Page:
In Tony Blair’s first term the government gave British corporations like Balfour Beatty, Amec and ISS Mediclean control of hospital buildings, but kept medical staff like nurses and doctors on the public payroll. Now the government is paying private companies from Canada, South Africa, the US and the UK to run fast-track surgery facilities called ‘Diagnostic and Treatment Centres’. The government is also hiring US firms like Kaiser Permanente (KP) and UnitedHealthcare for management advice. United, which is advising nine primary care trusts, has been fined over $7m by US regulators since 2000. Most of these fines were incurred for overcharging the US authorities for hospital charges. The ‘not-for-profit’ KP has a turnover of $13 billion.
Another organisation with experience of working with KP is the California Nurses Association (CNA), whose members have had several bruising industrial disputes with the firm. The CNA says: ‘Meaningful distinctions between private non-profits like KP and for-profit healthcare corporations have all but disappeared.’ But KP’s not-for-profit status means the firm pays less tax than conventionally defined corporations. KP chief executive George Halvorson still trousers a $900,000 salary, however; with bonuses his salary could rise to $1.5m. KP has other distinctly private-sector practices, too. This February its government affairs director Leland Wong resigned because he had improperly given $250,000 worth of sports tickets to politicians in the States. But UK health secretary John Reid said critics of Labour’s relationship with KP were just ‘frightened of abroad’. Reid claimed that there were ‘lessons we can learn from KP’, particularly with regard to ‘keeping patients out of hospital’. Let’s act on the minister’s advice and take a closer look at KP’s record in this field.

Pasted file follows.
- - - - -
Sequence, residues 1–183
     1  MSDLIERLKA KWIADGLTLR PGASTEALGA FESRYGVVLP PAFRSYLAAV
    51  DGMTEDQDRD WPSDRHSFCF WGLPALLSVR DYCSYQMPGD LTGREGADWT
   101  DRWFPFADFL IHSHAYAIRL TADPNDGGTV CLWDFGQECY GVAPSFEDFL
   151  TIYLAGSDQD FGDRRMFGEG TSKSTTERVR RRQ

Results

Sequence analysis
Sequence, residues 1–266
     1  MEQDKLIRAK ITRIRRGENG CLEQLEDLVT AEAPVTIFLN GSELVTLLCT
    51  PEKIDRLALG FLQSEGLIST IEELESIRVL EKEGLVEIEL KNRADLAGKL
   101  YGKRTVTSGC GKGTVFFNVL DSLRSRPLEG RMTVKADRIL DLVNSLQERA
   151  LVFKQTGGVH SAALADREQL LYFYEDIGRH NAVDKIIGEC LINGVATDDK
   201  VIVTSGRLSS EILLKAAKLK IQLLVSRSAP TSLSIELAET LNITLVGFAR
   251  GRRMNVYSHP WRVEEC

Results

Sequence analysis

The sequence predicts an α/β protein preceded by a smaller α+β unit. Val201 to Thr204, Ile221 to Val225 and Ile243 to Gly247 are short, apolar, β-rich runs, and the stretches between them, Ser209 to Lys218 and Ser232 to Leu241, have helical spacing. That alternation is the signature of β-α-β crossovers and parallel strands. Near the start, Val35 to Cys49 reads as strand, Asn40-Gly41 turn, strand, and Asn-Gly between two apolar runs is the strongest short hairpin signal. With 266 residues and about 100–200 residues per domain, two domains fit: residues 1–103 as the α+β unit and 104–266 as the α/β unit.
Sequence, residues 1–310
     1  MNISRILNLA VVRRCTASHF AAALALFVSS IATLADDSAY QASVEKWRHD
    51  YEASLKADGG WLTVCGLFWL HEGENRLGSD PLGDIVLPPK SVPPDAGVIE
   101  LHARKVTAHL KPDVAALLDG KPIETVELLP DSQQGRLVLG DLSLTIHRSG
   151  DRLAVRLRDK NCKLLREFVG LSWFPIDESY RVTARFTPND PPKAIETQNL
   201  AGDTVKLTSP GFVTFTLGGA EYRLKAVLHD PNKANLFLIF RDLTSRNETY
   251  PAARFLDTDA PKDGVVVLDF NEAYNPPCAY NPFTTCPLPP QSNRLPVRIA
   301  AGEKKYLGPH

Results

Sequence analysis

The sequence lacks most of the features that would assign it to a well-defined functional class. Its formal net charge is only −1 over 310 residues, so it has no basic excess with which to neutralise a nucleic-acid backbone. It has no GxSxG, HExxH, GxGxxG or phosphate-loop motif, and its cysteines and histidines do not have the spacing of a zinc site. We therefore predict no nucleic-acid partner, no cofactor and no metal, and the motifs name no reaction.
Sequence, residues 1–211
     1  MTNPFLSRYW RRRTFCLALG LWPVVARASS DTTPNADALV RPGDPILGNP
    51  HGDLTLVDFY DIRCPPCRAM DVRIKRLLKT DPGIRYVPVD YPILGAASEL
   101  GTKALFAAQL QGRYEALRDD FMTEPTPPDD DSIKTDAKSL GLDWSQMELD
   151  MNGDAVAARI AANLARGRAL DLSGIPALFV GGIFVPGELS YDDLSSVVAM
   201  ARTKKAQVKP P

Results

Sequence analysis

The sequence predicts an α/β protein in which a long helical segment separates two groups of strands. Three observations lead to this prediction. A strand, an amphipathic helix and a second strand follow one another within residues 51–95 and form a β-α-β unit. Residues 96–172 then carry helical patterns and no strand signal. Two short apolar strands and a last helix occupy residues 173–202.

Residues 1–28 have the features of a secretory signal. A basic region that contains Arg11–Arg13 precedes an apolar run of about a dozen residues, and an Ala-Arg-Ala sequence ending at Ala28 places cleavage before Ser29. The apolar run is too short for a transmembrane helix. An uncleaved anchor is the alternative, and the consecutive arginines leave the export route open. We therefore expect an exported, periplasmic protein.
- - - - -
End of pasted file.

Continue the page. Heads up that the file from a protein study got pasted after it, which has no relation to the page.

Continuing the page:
In November 2002 KP paid a fine worth $1.1m after its enthusiasm to keep people out of hospital in California led to patient Margaret Utterback’s death. The firm had employed unqualified ‘medical assistants’ to staff its helplines, paying them bonuses if they succeeded in stopping patients turning up at the hospital gates. Surely enough, Utterback could not persuade KP’s medical assistants that her pain was serious enough for an appointment. When she finally reached a KP casualty department it was too late. Her abdominal aneurysm burst, fatally flooding her entire body cavity with blood. When California health official Daniel Zingale first tried to levy the fine from KP for Utterback’s death, the firm responded by trying to prosecute him for contempt of court.
If this move had succeeded it would have put the health regulator in prison. Two months previously, KP had paid $1m to a university also in California to finance research into a rare genetic disorder called Sanfilippo syndrome. The donation was no act of charitable largesse: KP made the payment in order to settle a lawsuit brought after the firm had refused to treat two boys suffering from the condition. The same year KP was also forced to publish details of its management systems and pay an undisclosed sum to settle another lawsuit, which alleged that the firm’s slogan ‘in the hands of doctors’ was complete tosh. The lawsuit claimed that the relationship between KP and the medical corporation worked completely the other way round: the doctors did not make the decisions, but were, instead, forced to keep patients out of hospitals on financial grounds. Four years previously, KP paid a $1m fine in Texas for keeping patients out of its casualty departments there.